Sino-US ties in spotlight at Harvard forum

Founded in 1997, the forum is North America's leading and longest-running conference on China organized by students.


Chinese and US flags flutter outside the building of an American company in Beijing, Jan 21, 2021. [Photo/Agencies]

April 19, 2022

BOSTON – In-depth, candid and open exchanges and dialogue imperative, experts say

Leaders in politics, business, academia and entertainment gathered at Harvard University over the weekend for an annual conference to discuss international affairs and the future of China’s development.

The 25th Harvard College China Forum, under the theme “Extraordinary times”, was held at Harvard from Friday to Saturday. Founded in 1997, the forum is North America’s leading and longest-running conference on China organized by students.

“With more than 1,000 Chinese students on the campus, Chinese student is the largest group of international students at Harvard,” China’s Ambassador to the United States, Qin Gang, said during a video speech at the opening ceremony. “It is a vivid microcosm of people-to-people and cultural exchanges between China and the US.

“However, the current China-US relationship is facing a severe and complicated situation. The dark clouds of misunderstanding and misjudgment are gathering, and the ice of the so-called new Cold War is congealing.”

More extensive, in-depth, candid and open exchanges and dialogue are needed, he said.

“It is necessary to use the power of facts and truth to break the so-called common sense that has been solidified by misunderstanding and prejudice, to break the solidified political correctness, and break the current situation that does not serve the interests of the two countries, which is also a situation that runs counter to the will of the two countries.”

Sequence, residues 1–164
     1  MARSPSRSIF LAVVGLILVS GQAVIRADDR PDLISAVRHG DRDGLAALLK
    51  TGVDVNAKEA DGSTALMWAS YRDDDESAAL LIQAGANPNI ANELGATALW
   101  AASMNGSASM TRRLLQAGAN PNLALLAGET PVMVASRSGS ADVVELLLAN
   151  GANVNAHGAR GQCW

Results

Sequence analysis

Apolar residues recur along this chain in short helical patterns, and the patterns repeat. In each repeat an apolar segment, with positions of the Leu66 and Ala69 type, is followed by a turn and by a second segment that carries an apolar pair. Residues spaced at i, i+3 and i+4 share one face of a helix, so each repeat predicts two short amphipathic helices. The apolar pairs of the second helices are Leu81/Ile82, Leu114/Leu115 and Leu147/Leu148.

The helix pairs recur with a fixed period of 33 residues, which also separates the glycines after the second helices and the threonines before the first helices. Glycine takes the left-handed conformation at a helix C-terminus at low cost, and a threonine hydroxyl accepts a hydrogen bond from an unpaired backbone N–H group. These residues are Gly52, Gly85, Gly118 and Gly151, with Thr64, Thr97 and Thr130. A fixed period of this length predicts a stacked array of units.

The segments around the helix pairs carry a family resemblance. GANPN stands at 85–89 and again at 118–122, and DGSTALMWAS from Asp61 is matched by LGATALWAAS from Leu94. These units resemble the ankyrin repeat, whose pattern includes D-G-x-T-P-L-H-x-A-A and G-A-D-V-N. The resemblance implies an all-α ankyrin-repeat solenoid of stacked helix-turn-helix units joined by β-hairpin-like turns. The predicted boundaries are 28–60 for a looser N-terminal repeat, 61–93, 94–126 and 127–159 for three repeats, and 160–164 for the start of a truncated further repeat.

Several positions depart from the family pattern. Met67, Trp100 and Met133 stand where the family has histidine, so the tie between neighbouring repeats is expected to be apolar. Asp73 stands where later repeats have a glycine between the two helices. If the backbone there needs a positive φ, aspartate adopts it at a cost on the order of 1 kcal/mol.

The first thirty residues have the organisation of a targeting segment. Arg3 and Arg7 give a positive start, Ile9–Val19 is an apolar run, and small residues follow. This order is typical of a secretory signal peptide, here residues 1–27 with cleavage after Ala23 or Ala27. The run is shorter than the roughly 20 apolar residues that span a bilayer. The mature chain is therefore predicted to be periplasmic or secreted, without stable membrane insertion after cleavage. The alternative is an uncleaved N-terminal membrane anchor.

Qin said he hoped the forum would be able to set off brainstorming, make plans and “help blow away the dark clouds of misunderstandings and misjudgments, and… that every forum participant can become an ‘icebreaker’.”

Huang Ping, China’s consul general in New York, said: “Although there is competition between China and the US, the scope of cooperation is far greater than that of competition, and in many aspects it is cooperation that makes China and the US achieve a leap in their respective international competitiveness. There is a proverb saying ‘Do not learn from spiders who make their own webs, but learn from bees who make honey together’.”

Even if there is competition at times, “the competition should be like the track and field games, where we improve together by catching up with each other, rather than playing the ‘squid game’ which is full of mutual suspicion and deception and life-or-death struggles”, Huang said.

“Whether in the long history or in current challenging moment, Chinese and American people have been keeping writing glorious stories of friendship through joint efforts. We should comply with public opinion and pave the way for more exchanges and cooperation between the two peoples.”

Economic transformation

Former US treasury secretary Larry Summers recognized the great progress that China’s economy has made over the past 40 years.

“Think about what has happened in China since 1979. Living standards have more than doubled in a decade and then more than doubled in a decade again, and then more than doubled in a decade again, and then continue to increase very rapidly.

“It is not unreasonable to suggest that living standards in the last 40 years in China have increased 15 fold, 20 fold or more, not a factor of 1.5, but a factor of 15. That is perhaps the greatest economic transformation in the history of our planet.”

This kind of rapid growth “has been not an isolated event, but it has been the center of what I would suggest will be the major story of our times, when histories are written in 2200 or 2300-the rise of Asia, and the shift of economic power from the West to the East,” Summers said.

“To be sure, we are brothers in the family of man, sharing a common planet that will determine our safety, facing common threats, often threats from microbes and viruses, with a common stake in basic order and security that enable our people to prosper and to flourish.”

Harvard College China Forum convened a remote conference in 2020 with more than 8 million views. The forum held a first-ever conference in Beijing last year and returned to Harvard this year.

Former US assistant secretary of defense for international security affairs Chas Freeman and President of the National Committee on US-China Relations Stephen Orlins also attended the forum over the weekend.

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